When we are not on the Appalachian roads with Digital Builders, a creative agency and non-profit cooperative, we are reflecting on my travels, projects, pitstops and coffee shops. Many of our team have been fortunate to have had the opportunities to play the start up game on the field many times, beginning careers in Silicon Valley. We’re writing a series of articles to bring you some real and interesting stories that can quickly give you a basis and tools to start your own strategic planning for growth!
In the early stages of strategic marketing and product development (i.e. 7i innovation model, stage 2 “INNOVATE”), the way in which you will eventually sell your product or service or market your division or pitch your start-up is being influenced. If your solution requires a fairly technical pitch to explain its value the best way, then you’ll eventually be thinking of recruiting technical sales people to sell it, or sales engineers to align with technical buyers and influencers.
Today, when analyzing value propositions and ROI, we study what some marketers refer to as ‘Jobs-To-Be-Done’. This is another way looking holistically at the problem you’re solving and studying how your solution can best enable your customer’s overall goal—even spilling over into looking at your customer’s customer to determine down line what the eventual overall objective is.
Here are some first steps to get started with this type of strategic thinking:
- Reflect on your distinct competencies, especially those that are hardest for others to duplicate (i.e. 7i innovation, first stage INTERPRET).
- Collaborate using weighted rules, priorities.
- Push your team for what’s possible and vision the outcome of what could be enabled.
- Vision the experience; how each impacts different personas along the buyer’s journey.
- Think pragmatically about how you’re going to deliver / sell the product.
- Option in the paths of least resistance to avoid marketplace “noise”.
- Go the distance with your “ok, that’s a feature and benefit but so what?” with your team.
What’s in YOUR product?
My first marketing job was with a Japanese company and one of the world’s top 10 cable manufacturers. They make a wide assortment of wire and cables: electronic cable assemblies, magnet wire for appliances, fiber optic cables for overhead transmission cables, fiber optic cables for medical applications (thin and flexible ..you could tie in a knot; endoscopy surgery is an application) and even undersea long distance cabling systems. They have a successful 100+ year history in business and thousands of global patents.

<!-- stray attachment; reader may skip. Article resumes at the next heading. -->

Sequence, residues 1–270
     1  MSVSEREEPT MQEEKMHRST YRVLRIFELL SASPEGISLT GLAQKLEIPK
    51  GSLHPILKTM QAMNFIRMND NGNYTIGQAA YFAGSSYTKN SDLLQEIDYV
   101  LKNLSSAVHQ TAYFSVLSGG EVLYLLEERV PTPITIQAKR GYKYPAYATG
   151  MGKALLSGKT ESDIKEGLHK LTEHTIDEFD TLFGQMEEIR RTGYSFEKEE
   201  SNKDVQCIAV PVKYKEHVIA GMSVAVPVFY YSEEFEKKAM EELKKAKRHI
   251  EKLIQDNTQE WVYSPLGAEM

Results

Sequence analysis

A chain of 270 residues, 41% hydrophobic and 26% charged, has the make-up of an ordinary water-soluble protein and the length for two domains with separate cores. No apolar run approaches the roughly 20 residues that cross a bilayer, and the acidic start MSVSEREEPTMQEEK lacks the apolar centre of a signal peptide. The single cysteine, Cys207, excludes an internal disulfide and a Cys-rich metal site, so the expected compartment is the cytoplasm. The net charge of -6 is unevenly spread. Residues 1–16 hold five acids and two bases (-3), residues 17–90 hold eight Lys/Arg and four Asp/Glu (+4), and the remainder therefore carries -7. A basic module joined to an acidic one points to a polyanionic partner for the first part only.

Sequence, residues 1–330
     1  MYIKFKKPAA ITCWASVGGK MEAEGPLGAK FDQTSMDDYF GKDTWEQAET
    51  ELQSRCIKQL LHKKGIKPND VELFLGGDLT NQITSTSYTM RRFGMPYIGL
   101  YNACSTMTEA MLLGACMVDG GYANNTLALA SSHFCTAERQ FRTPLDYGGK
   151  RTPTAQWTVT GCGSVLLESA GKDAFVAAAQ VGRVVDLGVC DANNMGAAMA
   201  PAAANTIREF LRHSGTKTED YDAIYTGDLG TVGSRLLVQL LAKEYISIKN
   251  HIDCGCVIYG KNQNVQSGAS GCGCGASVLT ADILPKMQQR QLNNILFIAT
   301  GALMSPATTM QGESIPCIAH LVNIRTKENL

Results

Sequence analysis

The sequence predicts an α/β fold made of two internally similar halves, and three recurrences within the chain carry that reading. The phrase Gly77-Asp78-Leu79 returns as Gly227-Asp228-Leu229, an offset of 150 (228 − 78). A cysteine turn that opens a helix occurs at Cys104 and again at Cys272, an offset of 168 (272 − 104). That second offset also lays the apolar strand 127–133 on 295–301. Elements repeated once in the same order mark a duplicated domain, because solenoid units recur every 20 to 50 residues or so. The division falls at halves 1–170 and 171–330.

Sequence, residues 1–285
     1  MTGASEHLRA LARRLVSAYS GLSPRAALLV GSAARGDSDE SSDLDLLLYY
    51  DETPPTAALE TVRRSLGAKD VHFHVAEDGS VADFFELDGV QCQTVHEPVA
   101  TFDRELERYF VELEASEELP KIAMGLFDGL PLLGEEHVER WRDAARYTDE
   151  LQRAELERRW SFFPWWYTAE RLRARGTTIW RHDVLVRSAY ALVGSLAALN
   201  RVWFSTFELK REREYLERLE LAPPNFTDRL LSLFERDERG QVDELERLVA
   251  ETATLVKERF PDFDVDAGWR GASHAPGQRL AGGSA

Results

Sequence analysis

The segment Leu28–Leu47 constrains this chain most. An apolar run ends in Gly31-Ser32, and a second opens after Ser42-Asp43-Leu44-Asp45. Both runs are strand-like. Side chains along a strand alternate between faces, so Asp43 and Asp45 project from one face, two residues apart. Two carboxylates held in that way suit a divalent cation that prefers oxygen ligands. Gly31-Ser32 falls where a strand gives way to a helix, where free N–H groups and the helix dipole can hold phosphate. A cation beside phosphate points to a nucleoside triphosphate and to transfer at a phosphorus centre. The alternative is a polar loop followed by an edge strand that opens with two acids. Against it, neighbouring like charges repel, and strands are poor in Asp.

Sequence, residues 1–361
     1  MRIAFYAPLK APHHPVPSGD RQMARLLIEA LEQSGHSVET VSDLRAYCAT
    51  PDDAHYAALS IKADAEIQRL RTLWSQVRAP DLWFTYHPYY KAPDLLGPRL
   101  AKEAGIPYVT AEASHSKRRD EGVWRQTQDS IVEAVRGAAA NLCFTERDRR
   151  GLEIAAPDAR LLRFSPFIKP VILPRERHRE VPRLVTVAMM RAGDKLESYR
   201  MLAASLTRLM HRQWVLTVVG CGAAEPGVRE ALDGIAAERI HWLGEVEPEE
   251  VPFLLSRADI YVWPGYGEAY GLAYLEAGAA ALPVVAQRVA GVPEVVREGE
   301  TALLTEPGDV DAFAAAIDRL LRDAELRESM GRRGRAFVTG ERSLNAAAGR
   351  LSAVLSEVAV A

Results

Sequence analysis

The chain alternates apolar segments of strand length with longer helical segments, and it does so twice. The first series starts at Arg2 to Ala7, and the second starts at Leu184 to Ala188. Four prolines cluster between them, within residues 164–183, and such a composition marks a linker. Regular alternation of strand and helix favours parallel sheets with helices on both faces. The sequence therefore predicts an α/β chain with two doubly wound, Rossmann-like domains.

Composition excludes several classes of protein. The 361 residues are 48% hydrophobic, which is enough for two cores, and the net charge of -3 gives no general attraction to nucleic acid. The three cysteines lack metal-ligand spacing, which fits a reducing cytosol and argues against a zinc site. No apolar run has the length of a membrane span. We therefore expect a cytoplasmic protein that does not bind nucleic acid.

I was a product marketing manager for their USA electronics applications – computer and network systems industry. They prided themselves on modern manufacturing using total quality management processes that would always be in motion pushing improvements and hold the line at less than 1% defect rates. Agile perfection in iterative motion.
They were the best at what they did their other passion was golf! My x-patriot colleagues, managers, export department staff and Japanese executives and partners traveling to the USA all LOVED golf. Aside from business …it’s pretty much all we talked about. We would order a lot of new golf club sets for our company employees and partners to take back with them to Japan – probably a couple of hundred sets in the time I was there.
Two passions – wire and cable manufacturing and golf. What could be better! Today, this company manufacturers the #1 golf shaft in the world used on the pro golf tour. Since 1995, Fujikura Composites America has been at the forefront of design and development to produce the best golf shaft, debuting The Speeder 757 on the PGA Tour in 1998. They didn’t just optimize their fiber technology, but they transcended it into a whole different industry, sporting goods.
Morale of this story? Total quality manufacturing (TQM) was demonstrated on a broad scale by Japanese industry, due in large part, by the intervention of W. Edwards Deming – who has come to be viewed as the “father” of quality control, quality circles and the quality movement. (Inc. encyclopedia-tqm) When you begin with a strong core product that has an undeniable benefit despite being a basic product and you push beyond the obvious or expected, you can might uncover a new product potential or potential product that will deliver beyond your original idea (customer-value hierarchy of five service levels – Philip Kotler)
Here are team discussion points to ensure you have fleshed out all product potentials:
- What are the ingredients of your final product or portfolio – or if a new division then the ingredients would be your vision and mission, culture and distinct capabilities of the team, etc.
- Is your solution a high-tech commodity that can be transformed into a luxury brand? In our case (story above), quality was the change agent. This is a great opportunity to set premium pricing strategy which will help your brand send strong quality cues to consumers.
- Can you create a new category? Competition for luxury brands often comes from other categories and so their competition must be defined broadly.
- Logos, symbols, and packaging all transcended the product and then the brand.
Product design and development is about solving problems and enabling something, efficiently, effectively and brilliantly. Innovation is directly tied to value – a strategic value proposition is stating what is the significant customer value that’s created from solving a problem and/or enabling something.